Thanksgiving and travel. Travel and Thanksgiving. They go together.
The days surrounding Thanksgiving—this year the holiday falls on November 27—are always among the year’s busiest for air travel. But this year could be different.
In an effort to regain pricing power (industry speak for the ability to impose higher ticket prices), the airlines are [% 2635462 | | cutting flights %], in some cases by as much as 15 percent compared to last year. And as those cutbacks take place, [% 2661115 | | airlines are ratcheting up their fares %].
The question raised by all these increases and decreases is whether they will have the desired effect, which is allowing the airlines to simultaneously downsize their operations and increase their profits.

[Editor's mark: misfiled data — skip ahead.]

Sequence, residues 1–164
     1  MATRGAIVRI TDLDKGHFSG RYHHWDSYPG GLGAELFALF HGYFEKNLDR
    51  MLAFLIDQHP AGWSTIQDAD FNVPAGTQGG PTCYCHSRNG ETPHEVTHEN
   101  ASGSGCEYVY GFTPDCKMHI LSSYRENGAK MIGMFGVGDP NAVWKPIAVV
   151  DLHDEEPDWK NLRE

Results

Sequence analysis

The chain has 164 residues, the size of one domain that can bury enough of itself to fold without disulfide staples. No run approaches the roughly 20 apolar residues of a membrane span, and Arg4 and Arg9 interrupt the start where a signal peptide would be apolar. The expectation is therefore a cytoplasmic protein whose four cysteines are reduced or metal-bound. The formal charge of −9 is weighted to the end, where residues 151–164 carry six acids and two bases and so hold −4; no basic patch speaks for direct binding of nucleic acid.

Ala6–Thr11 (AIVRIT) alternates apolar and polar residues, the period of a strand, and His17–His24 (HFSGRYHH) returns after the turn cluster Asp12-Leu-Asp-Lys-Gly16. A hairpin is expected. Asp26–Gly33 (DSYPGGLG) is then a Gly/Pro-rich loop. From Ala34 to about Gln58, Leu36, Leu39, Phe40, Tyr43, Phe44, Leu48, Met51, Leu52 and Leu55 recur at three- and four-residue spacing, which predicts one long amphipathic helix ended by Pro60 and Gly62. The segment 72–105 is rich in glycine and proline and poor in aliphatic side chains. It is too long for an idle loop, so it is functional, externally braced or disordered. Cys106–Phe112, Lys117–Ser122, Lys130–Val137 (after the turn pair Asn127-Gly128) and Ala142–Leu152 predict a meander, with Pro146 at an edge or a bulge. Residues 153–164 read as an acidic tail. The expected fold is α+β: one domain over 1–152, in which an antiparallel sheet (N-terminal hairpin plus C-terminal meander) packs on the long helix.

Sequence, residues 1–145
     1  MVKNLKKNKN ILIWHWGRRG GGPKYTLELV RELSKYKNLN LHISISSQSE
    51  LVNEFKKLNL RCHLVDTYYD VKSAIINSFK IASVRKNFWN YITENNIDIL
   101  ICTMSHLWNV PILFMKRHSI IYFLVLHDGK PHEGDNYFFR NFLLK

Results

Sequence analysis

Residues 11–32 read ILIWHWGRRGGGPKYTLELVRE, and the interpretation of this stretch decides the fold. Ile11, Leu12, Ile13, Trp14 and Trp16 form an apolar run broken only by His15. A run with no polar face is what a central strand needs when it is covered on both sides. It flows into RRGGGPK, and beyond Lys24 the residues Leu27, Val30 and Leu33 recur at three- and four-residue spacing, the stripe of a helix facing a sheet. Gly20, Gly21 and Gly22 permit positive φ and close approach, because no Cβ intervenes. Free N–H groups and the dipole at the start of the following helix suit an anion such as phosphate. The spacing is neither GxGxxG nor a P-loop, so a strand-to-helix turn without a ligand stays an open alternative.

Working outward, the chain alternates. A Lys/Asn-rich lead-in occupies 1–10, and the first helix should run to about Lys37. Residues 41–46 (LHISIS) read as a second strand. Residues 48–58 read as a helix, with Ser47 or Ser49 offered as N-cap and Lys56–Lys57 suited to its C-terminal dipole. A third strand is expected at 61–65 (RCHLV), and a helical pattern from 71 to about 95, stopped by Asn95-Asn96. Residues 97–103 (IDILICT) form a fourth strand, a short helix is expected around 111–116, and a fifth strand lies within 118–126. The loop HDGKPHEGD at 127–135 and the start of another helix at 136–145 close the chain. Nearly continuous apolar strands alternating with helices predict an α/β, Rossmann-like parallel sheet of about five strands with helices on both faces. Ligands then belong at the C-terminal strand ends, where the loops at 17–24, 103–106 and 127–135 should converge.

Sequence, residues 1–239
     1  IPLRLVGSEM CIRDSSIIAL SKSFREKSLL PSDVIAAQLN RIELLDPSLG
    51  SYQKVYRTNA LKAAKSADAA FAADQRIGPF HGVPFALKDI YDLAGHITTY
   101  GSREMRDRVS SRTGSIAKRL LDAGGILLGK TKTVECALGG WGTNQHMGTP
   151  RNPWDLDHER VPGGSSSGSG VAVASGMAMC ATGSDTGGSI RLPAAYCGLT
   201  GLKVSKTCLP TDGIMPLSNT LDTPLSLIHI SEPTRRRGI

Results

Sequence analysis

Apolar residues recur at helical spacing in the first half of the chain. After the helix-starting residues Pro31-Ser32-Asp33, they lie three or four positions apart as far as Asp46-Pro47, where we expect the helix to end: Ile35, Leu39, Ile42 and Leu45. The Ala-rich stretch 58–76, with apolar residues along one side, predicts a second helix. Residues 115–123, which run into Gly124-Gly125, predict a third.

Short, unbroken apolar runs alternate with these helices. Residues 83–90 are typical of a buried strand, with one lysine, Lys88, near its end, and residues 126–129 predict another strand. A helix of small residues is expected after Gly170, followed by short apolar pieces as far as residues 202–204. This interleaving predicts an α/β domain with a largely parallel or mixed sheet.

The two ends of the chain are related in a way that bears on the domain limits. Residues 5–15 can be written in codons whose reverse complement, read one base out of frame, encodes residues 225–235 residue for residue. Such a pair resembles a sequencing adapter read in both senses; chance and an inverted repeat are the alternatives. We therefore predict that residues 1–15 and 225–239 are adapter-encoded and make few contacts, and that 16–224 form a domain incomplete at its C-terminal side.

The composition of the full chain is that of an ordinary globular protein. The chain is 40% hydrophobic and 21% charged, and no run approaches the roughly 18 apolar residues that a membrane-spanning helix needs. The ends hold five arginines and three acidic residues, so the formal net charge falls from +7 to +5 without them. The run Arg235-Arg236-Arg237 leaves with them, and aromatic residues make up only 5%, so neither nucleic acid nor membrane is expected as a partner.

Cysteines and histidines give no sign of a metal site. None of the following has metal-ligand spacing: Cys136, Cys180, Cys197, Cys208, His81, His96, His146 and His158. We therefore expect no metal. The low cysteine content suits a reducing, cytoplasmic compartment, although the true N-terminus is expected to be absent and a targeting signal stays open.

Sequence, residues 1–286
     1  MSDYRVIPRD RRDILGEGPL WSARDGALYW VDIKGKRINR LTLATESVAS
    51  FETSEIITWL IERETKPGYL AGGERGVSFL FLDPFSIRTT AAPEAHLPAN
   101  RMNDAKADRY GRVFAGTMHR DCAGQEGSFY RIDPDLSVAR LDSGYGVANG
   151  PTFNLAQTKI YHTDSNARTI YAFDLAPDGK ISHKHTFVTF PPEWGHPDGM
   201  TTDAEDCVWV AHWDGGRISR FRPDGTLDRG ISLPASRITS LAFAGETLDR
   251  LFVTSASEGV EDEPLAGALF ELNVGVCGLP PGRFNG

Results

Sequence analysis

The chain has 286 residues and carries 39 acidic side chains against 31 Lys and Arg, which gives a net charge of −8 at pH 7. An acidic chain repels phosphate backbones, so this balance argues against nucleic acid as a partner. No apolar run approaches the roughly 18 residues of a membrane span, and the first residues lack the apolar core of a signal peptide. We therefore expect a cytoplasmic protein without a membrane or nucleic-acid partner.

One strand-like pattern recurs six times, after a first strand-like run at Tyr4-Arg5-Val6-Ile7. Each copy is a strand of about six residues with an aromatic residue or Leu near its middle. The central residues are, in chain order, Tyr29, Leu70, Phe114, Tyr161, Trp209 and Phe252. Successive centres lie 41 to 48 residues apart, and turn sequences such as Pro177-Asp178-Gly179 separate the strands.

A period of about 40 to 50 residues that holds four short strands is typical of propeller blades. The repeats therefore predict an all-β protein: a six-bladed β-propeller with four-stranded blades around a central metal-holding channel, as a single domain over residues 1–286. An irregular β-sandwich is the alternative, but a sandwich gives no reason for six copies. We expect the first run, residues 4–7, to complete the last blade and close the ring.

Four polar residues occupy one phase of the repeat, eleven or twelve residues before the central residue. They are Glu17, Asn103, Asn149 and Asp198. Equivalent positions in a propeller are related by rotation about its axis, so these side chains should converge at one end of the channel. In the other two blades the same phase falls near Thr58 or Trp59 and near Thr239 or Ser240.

Does it matter? Yes, and for at least two reasons. First, demand for Thanksgiving flights will be an early indicator of whether the airlines’ planned price increases have been successful. If too few consumers find the higher ticket prices palatable, the airlines will be forced to relent and roll back fares. That’s good for consumers, but would prolong the airlines’ financial pain, possibly forcing more bankruptcies.
And second, if demand falls faster than capacity cutbacks, flights will boast more empty seats, even during the Thanksgiving crush, when planes generally fly full. Less congestion, both onboard and at the airport, means more comfort, less stress.
So, take our survey and weigh in with your flight plans for Thanksgiving 2008. We’ll compile the results and, based on your feedback, post a future article predicting the state of air travel during Thanksgiving 2008.
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